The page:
Unless you’ve been hiding under a rock, you’ll know that tidying sensation Marie Kondo has swept the nation. Her hit Netflix show has led many of us (myself included) to declutter our lives.

What followed was a flood on social media. Energetic viewers were inspired to empty their overstuffed homes and only keep items that sparked joy. One painstaking item at a time.

The Good

What makes Kondo’s method different from your general spring cleaning is all in the delivery. Through her emphasis on keeping items that spark joy, you’re forced into a new mindset. Marie urges those participating in her program to mindfully clasp each possession and contemplate whether that dress, book or handbag brings an amount of joy. If not, then out the door it goes.

Trend Report Marie Kondo_australian interiors 2

The Bad

Who has born the brunt of our uncluttering? Charity shops. Stores like Vinnies and the Salvation Army have reported an influx of items being donated. While that isn’t necessarily a bad thing, what is bad is hearing that unusable donations are coming in. Items such as soiled or damaged clothing and broken homewares. Charity shops are not the tip people!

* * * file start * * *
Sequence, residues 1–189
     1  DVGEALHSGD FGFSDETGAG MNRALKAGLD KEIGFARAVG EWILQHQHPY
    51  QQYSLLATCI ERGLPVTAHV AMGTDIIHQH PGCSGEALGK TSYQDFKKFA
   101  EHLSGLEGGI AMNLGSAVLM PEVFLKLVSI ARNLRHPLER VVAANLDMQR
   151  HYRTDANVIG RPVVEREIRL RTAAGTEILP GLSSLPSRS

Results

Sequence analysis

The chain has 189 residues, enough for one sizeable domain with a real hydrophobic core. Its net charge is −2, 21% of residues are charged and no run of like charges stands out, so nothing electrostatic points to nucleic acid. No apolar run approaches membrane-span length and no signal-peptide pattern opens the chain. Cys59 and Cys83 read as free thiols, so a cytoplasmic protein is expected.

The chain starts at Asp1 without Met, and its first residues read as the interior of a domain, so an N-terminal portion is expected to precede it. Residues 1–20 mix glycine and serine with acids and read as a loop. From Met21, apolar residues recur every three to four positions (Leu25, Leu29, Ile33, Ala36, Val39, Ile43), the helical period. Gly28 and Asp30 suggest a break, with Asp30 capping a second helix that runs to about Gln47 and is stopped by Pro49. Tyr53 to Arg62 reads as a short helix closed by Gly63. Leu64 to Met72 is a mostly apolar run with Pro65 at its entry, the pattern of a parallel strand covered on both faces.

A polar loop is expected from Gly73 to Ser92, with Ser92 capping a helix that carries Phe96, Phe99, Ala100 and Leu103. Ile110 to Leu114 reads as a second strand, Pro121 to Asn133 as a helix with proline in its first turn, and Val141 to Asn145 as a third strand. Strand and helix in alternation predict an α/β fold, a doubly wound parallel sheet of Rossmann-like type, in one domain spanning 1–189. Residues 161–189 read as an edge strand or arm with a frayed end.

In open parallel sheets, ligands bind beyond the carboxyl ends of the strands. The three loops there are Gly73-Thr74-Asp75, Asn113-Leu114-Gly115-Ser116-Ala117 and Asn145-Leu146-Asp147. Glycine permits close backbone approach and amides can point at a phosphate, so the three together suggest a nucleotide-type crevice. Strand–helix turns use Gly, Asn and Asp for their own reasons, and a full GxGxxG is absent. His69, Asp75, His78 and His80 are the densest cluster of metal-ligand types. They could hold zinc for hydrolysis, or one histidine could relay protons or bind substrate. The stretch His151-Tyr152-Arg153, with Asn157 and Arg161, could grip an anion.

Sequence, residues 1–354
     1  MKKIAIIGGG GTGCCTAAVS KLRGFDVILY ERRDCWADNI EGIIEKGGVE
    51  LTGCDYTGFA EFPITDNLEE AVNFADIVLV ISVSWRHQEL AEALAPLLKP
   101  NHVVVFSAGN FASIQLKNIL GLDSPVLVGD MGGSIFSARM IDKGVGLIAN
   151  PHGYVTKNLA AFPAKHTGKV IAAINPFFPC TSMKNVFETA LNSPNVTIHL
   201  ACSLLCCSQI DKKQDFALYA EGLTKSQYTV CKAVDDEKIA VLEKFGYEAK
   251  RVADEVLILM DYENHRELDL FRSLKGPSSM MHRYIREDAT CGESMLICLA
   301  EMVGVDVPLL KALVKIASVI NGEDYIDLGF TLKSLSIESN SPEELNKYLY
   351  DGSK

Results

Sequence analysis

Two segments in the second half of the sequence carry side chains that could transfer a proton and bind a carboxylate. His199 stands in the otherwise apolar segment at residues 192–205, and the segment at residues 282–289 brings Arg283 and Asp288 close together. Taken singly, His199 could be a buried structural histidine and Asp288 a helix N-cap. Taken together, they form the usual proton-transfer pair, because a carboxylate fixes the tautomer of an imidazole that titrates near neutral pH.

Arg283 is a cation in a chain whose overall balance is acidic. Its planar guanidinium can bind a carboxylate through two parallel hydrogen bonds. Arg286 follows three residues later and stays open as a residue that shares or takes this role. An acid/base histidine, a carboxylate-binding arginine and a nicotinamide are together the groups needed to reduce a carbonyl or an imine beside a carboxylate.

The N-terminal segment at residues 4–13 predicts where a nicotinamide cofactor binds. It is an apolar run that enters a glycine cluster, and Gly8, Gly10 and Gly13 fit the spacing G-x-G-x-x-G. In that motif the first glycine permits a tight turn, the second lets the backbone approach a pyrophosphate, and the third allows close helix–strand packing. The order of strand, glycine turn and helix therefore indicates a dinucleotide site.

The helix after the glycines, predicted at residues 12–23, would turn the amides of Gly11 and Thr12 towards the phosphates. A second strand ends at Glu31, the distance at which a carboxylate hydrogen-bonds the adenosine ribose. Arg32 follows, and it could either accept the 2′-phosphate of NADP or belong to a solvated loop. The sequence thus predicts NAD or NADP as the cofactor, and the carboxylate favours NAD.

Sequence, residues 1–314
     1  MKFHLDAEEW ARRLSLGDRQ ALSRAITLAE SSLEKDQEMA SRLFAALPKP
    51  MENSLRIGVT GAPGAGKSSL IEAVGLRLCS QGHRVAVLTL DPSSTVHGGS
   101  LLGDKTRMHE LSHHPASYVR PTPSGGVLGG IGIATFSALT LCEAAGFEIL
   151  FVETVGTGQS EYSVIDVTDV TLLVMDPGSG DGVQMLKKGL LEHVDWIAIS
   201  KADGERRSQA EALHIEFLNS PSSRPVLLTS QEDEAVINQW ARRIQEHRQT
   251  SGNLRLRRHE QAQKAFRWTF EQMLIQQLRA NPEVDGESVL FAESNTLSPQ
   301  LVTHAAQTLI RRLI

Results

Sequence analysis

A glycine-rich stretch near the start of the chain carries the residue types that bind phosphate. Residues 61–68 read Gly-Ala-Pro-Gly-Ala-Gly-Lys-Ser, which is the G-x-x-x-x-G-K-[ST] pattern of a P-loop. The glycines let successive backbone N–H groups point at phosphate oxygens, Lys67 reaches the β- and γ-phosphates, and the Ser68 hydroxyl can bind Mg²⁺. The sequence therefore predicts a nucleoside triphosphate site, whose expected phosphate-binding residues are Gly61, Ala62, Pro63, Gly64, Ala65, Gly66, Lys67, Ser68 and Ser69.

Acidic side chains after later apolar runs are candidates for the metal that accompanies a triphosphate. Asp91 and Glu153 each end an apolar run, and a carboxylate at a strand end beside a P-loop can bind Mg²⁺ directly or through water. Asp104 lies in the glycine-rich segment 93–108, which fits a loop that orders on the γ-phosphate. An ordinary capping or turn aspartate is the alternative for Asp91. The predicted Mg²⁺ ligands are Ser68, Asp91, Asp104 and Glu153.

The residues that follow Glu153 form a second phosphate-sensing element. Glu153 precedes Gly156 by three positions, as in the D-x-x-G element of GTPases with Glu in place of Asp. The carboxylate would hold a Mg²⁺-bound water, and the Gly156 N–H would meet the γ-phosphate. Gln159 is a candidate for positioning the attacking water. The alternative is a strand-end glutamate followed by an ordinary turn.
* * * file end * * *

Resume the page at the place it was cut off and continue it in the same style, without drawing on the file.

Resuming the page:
Personally, I love op-shopping and finding one of a kind pieces. Shopping at charity stores also does wonderful things for the community. By buying second hand, you become part of a circular economy. Rather than a throwaway society, as well as contributing to a wonderful organisation helping those less fortunate.

Overall, Marie Kondo has sparked a wonderful movement. We’ve become so wrapped up in what everyone else has. And with social media it’s easy to become jealous because of what some influencer has. But, we all know life is not greener on the other side of the fence. It becomes greener when we truly appreciate what we have.

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